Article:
Anti-Rotation Exercises: Accessory Programming Part 1

Crossfit is a constantly varied fitness program that focuses on intense functional movements but it lacks some that may help you stay healthy. This post will help you learn how to program anti-rotation exercises into your accessory programs for Crossfit. Doing this...

The best mobility programs use these elements

Just like a diet needs a caloric deficit to make you lose weight, a mobility program needs certain things in order to help you move better.  In this article we will explore the top 5 things that the most effective mobility programs should have to be as effective as...

Banded Ankle Mobilization: Improve your ankle mobility

Banded ankle mobility mobilizations are simple and effective drills you can use to improve ankle range of motion.  Most of us could use more ankle mobility, especially those of us who sit most of the day and then try to train functional exercises like the squat....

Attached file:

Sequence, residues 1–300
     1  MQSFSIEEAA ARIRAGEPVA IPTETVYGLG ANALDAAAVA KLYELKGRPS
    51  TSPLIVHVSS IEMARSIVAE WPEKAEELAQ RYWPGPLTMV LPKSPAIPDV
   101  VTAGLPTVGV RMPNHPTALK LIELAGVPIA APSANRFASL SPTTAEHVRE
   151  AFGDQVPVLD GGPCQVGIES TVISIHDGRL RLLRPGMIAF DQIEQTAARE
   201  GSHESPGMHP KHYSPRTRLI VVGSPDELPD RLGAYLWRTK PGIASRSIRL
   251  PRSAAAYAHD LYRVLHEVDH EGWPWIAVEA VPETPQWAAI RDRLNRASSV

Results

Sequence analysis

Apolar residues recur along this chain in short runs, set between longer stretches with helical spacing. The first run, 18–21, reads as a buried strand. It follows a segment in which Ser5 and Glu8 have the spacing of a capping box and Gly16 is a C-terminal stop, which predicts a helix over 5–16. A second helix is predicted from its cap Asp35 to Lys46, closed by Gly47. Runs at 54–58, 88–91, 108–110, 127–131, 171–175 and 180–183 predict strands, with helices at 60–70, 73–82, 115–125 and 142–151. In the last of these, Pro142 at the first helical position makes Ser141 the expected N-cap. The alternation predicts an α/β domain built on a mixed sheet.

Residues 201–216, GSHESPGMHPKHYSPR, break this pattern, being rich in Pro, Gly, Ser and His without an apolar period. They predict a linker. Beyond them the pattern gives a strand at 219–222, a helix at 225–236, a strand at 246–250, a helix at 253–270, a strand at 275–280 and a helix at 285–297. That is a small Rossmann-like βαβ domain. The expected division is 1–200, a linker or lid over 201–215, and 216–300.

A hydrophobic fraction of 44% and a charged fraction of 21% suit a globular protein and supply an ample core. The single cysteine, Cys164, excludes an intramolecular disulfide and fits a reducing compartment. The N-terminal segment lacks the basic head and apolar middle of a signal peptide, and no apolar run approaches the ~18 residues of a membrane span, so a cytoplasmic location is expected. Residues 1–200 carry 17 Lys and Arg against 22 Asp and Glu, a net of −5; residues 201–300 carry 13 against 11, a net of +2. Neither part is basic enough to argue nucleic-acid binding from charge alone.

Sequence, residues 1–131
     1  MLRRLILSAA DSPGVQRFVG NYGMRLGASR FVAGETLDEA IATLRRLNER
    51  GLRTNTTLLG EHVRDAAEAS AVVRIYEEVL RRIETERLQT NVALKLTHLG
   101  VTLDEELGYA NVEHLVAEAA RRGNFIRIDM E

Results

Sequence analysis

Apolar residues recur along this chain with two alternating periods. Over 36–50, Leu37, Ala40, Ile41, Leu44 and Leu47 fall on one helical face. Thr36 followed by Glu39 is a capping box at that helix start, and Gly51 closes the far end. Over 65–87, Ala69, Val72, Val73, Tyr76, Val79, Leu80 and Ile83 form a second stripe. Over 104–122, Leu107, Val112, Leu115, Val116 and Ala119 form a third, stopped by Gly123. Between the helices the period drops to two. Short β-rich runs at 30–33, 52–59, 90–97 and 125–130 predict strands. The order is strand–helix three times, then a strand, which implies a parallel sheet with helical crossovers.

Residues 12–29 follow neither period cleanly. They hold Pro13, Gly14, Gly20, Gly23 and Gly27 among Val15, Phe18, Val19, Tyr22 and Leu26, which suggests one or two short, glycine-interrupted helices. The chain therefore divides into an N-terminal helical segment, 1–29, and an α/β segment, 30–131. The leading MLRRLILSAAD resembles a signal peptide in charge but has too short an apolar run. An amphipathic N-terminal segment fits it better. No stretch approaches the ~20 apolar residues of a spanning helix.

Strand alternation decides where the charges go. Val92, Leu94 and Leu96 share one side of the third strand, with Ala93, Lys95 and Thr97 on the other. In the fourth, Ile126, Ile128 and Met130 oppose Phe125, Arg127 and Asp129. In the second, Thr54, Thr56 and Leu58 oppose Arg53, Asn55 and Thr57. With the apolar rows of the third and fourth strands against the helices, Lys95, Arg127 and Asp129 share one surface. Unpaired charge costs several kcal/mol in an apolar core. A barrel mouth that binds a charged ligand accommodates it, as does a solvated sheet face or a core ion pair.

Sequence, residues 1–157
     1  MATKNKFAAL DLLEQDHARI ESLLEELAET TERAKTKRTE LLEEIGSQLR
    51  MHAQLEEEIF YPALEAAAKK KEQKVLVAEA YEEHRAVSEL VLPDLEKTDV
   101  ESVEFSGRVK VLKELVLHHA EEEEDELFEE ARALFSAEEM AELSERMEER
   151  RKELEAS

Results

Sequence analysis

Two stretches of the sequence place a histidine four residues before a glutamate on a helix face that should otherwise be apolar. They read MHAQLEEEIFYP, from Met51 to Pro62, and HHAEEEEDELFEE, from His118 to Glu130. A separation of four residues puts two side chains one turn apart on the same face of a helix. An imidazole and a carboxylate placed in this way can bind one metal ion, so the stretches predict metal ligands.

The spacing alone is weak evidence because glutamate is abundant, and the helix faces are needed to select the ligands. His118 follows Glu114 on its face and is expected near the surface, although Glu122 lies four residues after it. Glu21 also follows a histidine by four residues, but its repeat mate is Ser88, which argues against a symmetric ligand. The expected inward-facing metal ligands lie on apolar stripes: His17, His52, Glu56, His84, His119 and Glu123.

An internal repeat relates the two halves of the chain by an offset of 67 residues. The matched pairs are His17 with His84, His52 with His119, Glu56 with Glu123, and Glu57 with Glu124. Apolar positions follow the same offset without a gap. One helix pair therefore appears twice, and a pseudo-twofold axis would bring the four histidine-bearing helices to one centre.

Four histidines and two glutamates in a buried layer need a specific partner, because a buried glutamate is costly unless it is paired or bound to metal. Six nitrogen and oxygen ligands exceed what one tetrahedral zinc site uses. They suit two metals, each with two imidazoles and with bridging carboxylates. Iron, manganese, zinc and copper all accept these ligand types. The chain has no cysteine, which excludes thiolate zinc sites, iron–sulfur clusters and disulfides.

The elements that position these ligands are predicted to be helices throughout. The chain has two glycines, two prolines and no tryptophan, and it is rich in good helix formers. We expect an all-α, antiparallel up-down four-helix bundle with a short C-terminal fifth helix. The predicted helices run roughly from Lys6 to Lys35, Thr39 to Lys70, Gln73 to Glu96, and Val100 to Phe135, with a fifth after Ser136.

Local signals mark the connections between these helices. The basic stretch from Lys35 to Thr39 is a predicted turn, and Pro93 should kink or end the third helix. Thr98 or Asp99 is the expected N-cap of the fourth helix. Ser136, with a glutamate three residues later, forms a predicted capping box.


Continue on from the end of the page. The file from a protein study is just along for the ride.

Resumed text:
Thoracic Extension Mobility: The Ultimate How To Post

Thoracic spine extension is a crucial spinal movement that is required for shoulder, neck, and low back health as well as athletic performance. In this article, I will discuss what thoracic mobility is, how to assess thoracic mobility, and what thoracic mobility...

Push Pull Ratio: Prevent Shoulder Injuries

What is a push-pull ratio? The push-pull ratio can help prevent shoulder injuries by helping you maintain a balance in the muscles around the shoulder girdle. It is exactly as it sounds- a ratio between how many pushes you are doing compared to how many pulls you are...

Follow Us On Social